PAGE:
• April 1980: Carter complains to Israeli PM Begin about a first shipment by Israel of spare parts (300 F-4 tyres) to Iran.[8]
  • 29 May 1980, Tehran: First meeting of the new Iranian parliament following the 1980 legislative elections.
  • 11 July 1980: Richard Queen, a hostage who was seriously ill, released.
  • 11 July 1980: 600 officers arrested over involvement in the planned Nojeh Coup
  • 27 July 1980: Death of the Shah, Mohammad Reza Pahlavi.
  • Last week of July 1980, Madrid: At a meeting in Madrid arranged by the Hashemi brothers that includes Robert Gray, a man identified as Donald Gregg, and Mahdi Karrubi, William Casey says that if Iran could assure that American hostages were well treated until their release and were released as a "gift" to the new administration, "the Republicans would be most grateful and 'would give Iran its strength back.'"[9] Karrubi says he has "no authority to make such a commitment."
  • 12 August 1980, Tehran: Mohammad-Ali Rajai appointed Iranian Prime Minister.
  • About 12 August 1980: Karrubi meets again with Casey, saying Khomeini has agreed to the proposal. Casey agrees the next day, naming Cyrus Hashemi as middleman to handle the arms transactions. More meetings are set for October. Cyrus Hashemi purchases a Greek ship and commences arms deliveries valued at $150 million from the Israeli port of Eilat to Bandar Abbas. According to CIA sources, Hashemi receives a $7 million commission. Casey is said to use an aide named Tom Carter in the negotiations.[10]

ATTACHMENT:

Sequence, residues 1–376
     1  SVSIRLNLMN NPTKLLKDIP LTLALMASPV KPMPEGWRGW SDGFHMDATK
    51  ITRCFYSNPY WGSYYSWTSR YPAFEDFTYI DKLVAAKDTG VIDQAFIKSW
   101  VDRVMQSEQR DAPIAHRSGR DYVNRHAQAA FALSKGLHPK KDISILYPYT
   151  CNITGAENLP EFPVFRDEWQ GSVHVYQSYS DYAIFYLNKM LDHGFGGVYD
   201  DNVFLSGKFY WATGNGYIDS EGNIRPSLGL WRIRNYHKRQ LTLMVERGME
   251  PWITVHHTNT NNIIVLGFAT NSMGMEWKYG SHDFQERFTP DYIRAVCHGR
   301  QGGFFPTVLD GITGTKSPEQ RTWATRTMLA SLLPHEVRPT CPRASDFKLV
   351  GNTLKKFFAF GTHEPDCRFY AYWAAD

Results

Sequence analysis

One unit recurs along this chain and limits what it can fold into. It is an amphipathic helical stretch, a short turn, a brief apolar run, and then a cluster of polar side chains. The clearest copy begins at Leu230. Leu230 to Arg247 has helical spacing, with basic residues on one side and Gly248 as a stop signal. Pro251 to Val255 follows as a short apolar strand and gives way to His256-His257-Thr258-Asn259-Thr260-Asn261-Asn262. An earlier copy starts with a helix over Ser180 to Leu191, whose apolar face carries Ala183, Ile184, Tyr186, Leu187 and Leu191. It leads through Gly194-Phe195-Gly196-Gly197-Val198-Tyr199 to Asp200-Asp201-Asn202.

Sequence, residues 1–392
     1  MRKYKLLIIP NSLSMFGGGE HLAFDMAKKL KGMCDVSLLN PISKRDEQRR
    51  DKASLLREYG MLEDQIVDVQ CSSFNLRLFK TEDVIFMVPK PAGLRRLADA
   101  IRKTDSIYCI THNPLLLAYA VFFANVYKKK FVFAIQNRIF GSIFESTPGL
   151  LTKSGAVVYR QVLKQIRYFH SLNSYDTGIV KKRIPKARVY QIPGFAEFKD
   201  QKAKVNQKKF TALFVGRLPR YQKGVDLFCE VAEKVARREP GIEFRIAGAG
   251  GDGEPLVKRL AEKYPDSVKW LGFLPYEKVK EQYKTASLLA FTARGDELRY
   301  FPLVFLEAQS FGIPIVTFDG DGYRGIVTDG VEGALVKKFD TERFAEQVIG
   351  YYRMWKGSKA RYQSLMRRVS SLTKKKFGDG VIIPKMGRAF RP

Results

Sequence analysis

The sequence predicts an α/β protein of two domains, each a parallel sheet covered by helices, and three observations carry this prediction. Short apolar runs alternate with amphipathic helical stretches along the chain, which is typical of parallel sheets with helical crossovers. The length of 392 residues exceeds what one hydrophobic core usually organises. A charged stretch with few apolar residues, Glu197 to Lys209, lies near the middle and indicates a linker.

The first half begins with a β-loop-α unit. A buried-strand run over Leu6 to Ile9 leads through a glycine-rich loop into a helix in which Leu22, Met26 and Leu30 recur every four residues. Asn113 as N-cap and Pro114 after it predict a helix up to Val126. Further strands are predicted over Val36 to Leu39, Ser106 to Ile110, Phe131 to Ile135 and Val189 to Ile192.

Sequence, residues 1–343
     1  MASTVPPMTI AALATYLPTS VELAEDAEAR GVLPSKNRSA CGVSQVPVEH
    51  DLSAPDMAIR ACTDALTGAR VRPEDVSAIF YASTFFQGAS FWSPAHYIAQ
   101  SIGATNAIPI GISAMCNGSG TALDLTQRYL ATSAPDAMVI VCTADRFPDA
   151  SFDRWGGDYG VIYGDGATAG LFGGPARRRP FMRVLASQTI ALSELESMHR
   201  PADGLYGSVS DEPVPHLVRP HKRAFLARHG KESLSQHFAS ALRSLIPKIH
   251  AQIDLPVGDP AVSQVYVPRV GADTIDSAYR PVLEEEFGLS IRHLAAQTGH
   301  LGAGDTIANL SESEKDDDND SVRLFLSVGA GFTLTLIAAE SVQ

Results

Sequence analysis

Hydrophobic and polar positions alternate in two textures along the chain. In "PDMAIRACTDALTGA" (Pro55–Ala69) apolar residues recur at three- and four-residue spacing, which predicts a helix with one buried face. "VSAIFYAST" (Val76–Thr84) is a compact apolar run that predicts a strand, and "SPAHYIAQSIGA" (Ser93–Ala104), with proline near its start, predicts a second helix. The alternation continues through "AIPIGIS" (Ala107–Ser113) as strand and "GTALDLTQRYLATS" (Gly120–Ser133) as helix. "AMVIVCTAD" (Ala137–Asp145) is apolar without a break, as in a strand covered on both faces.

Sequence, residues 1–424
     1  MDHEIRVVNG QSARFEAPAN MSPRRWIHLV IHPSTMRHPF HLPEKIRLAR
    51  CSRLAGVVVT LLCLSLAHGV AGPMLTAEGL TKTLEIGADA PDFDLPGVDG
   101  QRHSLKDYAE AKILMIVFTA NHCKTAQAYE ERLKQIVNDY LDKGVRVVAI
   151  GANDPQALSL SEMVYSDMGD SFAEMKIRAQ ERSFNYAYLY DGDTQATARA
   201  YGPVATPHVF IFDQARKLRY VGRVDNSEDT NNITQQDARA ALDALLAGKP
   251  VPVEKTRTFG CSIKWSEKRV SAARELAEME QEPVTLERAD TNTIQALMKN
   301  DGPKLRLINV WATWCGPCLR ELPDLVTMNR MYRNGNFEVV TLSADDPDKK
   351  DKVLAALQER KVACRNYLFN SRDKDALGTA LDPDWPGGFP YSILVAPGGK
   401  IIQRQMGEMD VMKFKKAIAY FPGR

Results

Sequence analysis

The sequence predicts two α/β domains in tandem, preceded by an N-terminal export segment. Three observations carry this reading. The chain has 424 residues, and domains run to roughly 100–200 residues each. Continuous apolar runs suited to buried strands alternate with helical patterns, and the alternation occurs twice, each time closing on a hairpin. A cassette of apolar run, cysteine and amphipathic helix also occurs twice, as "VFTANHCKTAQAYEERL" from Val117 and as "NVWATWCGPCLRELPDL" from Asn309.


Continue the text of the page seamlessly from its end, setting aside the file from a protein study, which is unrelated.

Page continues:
• 18 August 1980, Tehran: Iranian foreign minister Sadegh Ghotbzadeh tells Iran's parliament that "another point to consider is this fact. We know that the Republican Party of the United States in order to win the presidential election is working hard to delay the solution of the hostages crisis until after the U.S. election."[11] Ghotbzadeh also made this point to Agence France Presse on 6 September.[11][12]
  • 22 September 1980, Iran: Iraqi invasion of Iran.
  • Late September 1980, US: An expatriate Iranian arms dealer named Hushang Lavi claims he met with Richard V. Allen, the Reagan campaign's national security expert, Robert "Bud" McFarlane, and Lawrence Silberman, and discussed the possible exchange of F-4 parts for American hostages, but Lavi says they asserted they "were already in touch with the Iranians themselves". (Silberman, Allen, and McFarlane deny they met with Lavi, but reporter Robert Parry obtained a copy of Lavi's 1980 calendar after Lavi's death, which corroborated the Iranian's account.)[13]
  • 18 October 1980, US: John Norman Maclean told a State Department official that Bush was flying to Paris for hostage negotiations. Maclean had been given the information by a Republican source, but never published the claim due to Republican denials.[14][15][16]